Neogene paleomagnetism and geodynamics of the Hikurangi margin, East Coast, New Zealand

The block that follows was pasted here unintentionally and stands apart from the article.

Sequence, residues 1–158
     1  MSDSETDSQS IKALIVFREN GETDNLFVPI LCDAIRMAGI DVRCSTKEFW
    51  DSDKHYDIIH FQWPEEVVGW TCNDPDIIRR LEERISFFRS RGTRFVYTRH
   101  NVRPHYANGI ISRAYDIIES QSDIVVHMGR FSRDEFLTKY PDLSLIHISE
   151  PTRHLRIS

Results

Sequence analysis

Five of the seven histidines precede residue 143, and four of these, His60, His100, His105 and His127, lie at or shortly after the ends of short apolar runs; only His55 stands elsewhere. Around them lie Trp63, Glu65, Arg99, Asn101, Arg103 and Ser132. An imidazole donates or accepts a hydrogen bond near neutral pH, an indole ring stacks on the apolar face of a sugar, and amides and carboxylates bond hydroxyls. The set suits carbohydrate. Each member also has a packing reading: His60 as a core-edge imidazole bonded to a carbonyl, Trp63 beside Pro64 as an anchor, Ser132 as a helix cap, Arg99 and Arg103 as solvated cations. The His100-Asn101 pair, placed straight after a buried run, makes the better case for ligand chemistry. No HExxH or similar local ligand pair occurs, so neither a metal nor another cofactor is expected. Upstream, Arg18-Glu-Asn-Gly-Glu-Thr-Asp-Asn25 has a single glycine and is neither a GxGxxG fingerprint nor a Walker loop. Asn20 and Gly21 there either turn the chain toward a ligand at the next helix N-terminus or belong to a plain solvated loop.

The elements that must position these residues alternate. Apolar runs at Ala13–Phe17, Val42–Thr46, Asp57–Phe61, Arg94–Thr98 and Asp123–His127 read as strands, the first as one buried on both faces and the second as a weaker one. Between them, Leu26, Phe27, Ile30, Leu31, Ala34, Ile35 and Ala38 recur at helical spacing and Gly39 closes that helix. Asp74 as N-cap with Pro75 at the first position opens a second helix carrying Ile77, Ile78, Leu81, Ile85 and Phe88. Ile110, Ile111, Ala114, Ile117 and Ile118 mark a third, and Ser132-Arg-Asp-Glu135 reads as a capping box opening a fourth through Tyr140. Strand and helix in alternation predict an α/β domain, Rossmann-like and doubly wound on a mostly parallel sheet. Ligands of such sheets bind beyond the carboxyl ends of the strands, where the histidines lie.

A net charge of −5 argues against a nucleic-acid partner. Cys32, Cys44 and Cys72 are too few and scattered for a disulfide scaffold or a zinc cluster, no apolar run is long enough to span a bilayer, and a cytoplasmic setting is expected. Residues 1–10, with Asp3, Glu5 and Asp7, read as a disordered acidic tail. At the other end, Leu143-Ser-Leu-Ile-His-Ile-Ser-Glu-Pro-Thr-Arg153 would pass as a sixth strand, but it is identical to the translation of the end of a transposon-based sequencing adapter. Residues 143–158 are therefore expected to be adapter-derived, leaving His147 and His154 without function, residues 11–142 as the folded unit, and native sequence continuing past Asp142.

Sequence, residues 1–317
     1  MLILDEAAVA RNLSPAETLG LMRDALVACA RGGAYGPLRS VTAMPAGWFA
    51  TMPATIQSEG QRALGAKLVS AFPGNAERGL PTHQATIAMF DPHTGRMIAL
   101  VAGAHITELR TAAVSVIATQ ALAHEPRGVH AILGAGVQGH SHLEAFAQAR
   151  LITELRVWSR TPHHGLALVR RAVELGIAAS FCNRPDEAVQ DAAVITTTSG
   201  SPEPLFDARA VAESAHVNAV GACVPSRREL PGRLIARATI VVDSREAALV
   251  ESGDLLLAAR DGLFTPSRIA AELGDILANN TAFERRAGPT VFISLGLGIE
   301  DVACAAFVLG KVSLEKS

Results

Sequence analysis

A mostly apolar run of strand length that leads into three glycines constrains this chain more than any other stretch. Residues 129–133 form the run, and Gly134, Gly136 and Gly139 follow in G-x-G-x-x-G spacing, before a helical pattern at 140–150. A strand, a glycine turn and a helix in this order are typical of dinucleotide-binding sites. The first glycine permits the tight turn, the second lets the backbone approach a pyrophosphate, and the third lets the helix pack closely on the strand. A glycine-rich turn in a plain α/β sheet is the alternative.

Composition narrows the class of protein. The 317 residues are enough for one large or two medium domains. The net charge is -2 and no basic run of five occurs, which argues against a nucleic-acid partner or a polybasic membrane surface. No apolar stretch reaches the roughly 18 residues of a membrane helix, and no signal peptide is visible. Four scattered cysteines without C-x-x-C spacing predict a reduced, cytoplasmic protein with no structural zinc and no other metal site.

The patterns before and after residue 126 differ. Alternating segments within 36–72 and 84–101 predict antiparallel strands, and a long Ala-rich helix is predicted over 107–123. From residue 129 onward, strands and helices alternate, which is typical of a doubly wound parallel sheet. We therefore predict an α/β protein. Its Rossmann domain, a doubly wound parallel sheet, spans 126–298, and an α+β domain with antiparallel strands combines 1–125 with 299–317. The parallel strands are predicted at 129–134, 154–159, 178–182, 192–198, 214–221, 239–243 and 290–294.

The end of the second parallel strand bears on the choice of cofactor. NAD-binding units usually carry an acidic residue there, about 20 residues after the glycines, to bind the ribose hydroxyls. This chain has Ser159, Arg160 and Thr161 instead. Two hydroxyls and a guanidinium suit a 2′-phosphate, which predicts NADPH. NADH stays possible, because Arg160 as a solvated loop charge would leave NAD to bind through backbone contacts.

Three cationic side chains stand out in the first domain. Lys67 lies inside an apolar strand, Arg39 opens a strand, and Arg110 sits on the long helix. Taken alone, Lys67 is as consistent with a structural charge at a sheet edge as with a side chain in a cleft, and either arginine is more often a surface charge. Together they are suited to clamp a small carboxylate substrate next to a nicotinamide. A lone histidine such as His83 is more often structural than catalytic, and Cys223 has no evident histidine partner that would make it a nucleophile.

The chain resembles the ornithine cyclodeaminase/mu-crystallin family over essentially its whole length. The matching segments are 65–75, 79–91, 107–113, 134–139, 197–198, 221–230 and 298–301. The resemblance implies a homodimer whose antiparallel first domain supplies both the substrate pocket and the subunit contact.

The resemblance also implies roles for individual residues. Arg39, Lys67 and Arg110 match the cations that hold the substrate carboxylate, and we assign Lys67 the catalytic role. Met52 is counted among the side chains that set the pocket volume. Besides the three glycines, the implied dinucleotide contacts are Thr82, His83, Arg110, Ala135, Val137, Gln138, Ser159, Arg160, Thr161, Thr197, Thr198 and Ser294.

Vertical-axis rotations are an important component of Neogene deformation in the New Zealand plate boundary region, and potentially offer fundamental insights into the rheology of continental crust. Extensive paleomagnetic sampling along the Hikurangi margin, on the East Coast of the North Island, has provided new insights into the patterns, rates and timings of tectonic rotation, and also an improved understanding of the magnetic signature of New Zealand Cenozoic mudstones. Rigorous field tests reveal numerous late remagnetizations, which haveoften formed several million years after deposition and can be irregularly distributed within an outcrop. Scanning electron microscopy and rock magnetic analyses indicate that the remanence carrier is predominantly the ferrimagnetic iron sulphide, greigite, which is present as a mixed population of single domain and superparamagnetic grains that are characteristic of arrested authigenic growth. Strong viscous overprints are the result of later, usually recent, oxidation of these sulphides. The recognition of late-forming magnetizations leads to a completely new view of the Neogene tectonic evolution of the Hikurangi margin, with no tectonic rotations being evident prior to 8–10 Ma; coherent rotation of most of the Hikurangi margin since that time refutes the existence of the independently rotating ‘domains’ that were inferred from earlier paleomagnetic data. This pattern is more consistent with the short-term velocity field, and allows all Neogene rotation to be more simply explained as a large-scale response to realignment of the subducting Pacific plate. Tectonic rotations have been accommodated by a variety of structures since 10 Ma; in the Late Miocene and Pliocene, rates of tectonic rotation were 3–4 times faster than presently observed and possibly involved a much larger region, before initiation of the North Island Dextral Fault Belt and the Taupo Volcanic Zone at 1-2 Ma instigated the current tectonic regime. Collision of the Hikurangi Plateau in the Late Miocene is interpreted to have caused both the initiation of tectonic rotation, and the widespread remagnetization of sediments, making it a key event in the Neogene evolution of the plate boundary region.